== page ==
“I knew what I wanted to do, engineering or something in the sciences, and I wanted to pushed myself and see how far I could take it,” Chaffee said.
Chafee began planning his climb to the top of the grade when he came to Bainbridge High School, and developed skills to get him there.
“From my very first day of freshman year it was something I was setting out to do (become a valedictorian),” he said.
He found a way to manage his efforts in school and passion on the court; playing tennis for the school all four years.
“Time management for sure, it’s always figuring out when my deadlines were and making a plan for when I would get everything done,” he said.
Eimon recently moved to Bainbridge Island from Templeton, Calif. and only spent one year at BHS. He was therefor startled to discover he was at the head of his class.
“I was not expecting it,” he said. “I actually moved here this year and at my old school they only had one valedictorian, so it’s a little weird for me to have 13.”
Though new to the school, he wasn’t at a loss for inspiring classes to take.
“I’ve really enjoyed the technical graphics and engineering design classes taught by Mr. Michaels,” Eimon said. “I’m planning on majoring in engineering.”
Eimon will attend California Polytechnic State University in San Luis Obispo in the fall.
Willerford will cross the country to attend Middlebury College after graduation. He has no immediate plans for a field of study, but he does know what he enjoyed at Bainbridge High School
“In high school I really liked world religions, it was one of my favorite classes,” he said, but he didn’t stop there.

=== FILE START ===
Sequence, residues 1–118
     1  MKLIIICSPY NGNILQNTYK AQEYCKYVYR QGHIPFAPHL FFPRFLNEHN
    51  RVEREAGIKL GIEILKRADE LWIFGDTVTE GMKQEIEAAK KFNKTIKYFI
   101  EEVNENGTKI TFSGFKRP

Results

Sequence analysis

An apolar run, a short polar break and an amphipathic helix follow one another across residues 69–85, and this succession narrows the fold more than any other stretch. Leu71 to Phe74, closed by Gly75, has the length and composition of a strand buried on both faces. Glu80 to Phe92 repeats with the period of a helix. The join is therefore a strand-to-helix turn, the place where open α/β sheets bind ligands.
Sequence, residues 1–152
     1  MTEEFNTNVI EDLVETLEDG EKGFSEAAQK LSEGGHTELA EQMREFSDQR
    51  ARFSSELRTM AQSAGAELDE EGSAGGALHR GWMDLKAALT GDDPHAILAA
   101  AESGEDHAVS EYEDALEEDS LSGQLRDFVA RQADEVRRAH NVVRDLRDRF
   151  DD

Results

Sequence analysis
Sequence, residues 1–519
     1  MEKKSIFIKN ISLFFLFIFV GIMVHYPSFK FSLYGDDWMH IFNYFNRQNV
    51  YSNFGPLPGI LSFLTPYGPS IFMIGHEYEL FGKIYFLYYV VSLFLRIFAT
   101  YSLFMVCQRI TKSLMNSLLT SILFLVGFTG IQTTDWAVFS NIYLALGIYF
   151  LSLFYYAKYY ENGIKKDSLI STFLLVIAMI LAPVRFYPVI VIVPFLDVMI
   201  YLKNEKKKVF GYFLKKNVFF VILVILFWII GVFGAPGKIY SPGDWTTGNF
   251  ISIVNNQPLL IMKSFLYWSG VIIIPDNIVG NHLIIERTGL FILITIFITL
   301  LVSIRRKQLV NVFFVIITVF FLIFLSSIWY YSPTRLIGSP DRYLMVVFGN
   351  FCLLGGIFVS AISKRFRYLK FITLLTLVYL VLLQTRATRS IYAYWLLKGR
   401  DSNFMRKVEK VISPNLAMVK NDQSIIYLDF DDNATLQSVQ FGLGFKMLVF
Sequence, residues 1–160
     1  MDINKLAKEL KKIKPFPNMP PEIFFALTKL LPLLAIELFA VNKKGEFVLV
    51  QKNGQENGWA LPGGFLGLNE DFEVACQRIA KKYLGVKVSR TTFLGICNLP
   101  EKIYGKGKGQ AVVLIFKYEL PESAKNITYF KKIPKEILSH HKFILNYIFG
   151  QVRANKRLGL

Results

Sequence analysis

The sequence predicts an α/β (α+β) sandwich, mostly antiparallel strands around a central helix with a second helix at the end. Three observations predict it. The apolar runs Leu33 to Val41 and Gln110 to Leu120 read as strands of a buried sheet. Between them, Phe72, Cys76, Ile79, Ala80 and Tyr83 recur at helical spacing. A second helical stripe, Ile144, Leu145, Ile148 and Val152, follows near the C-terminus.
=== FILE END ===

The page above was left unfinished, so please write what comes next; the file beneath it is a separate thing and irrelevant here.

“I liked my AP lit class too,” Willerford added. “But I wouldn’t say no to any of my science and math classes.”
He found it challenging to balance cross country and studying, but challenges are something that Willerford took head on at BHS. Becoming valedictorian was a challenge in itself and he used it to drive himself to an A.
“I was pretty successful my freshman year and so I decided it was something I could use to motivate myself to be the best that I could,” he said.
It was all about staying goal-oriented for Redmond, who decided early on he wanted the valedictorian title.
“I set a goal, I wanted to be valedictorian and get a 4.0,” he said. “I kept my motivation up and was persistent.”
Like other high school students, Redmond said that he always had some sort of physical activity to do, and that he recommends not procrastinating when it comes to studying.
“Do the work when you get it, not the day before it’s due,” he said.
Redmond will attend the University of Washington in the fall.
Sterner found a passion at the pool while at Bainbridge High School. She swam for the Spartans and will take her swimming talents to Pomona College in Claremont Calif. after graduation.
“I’ve been a swimmer and that gave me really good work ethic and time management skills,” she said.
Managing her studies her sport was a skill she mastered thanks to a little perspective.
“You have to realize that your sport is your free time and your choice, and you have to get over the fact that you aren’t going to have as much time to relax and chill as other people,” Sterner said.
Becoming valedictorian was a goal for Sterner early on at BHS.
“I went into it my freshman year saying I was going to do my best and not put any expectations on myself,” she said. “But once I got that first 4.0 my first semester I decided it was going to be a goal.”
Sterner is considering pursuing a degree in environmental science.
It’s not just about the race, rather, it’s about the marathon according to Ran who said she liked to think beyond the report card. And she recommends the same for her fellow Spartans.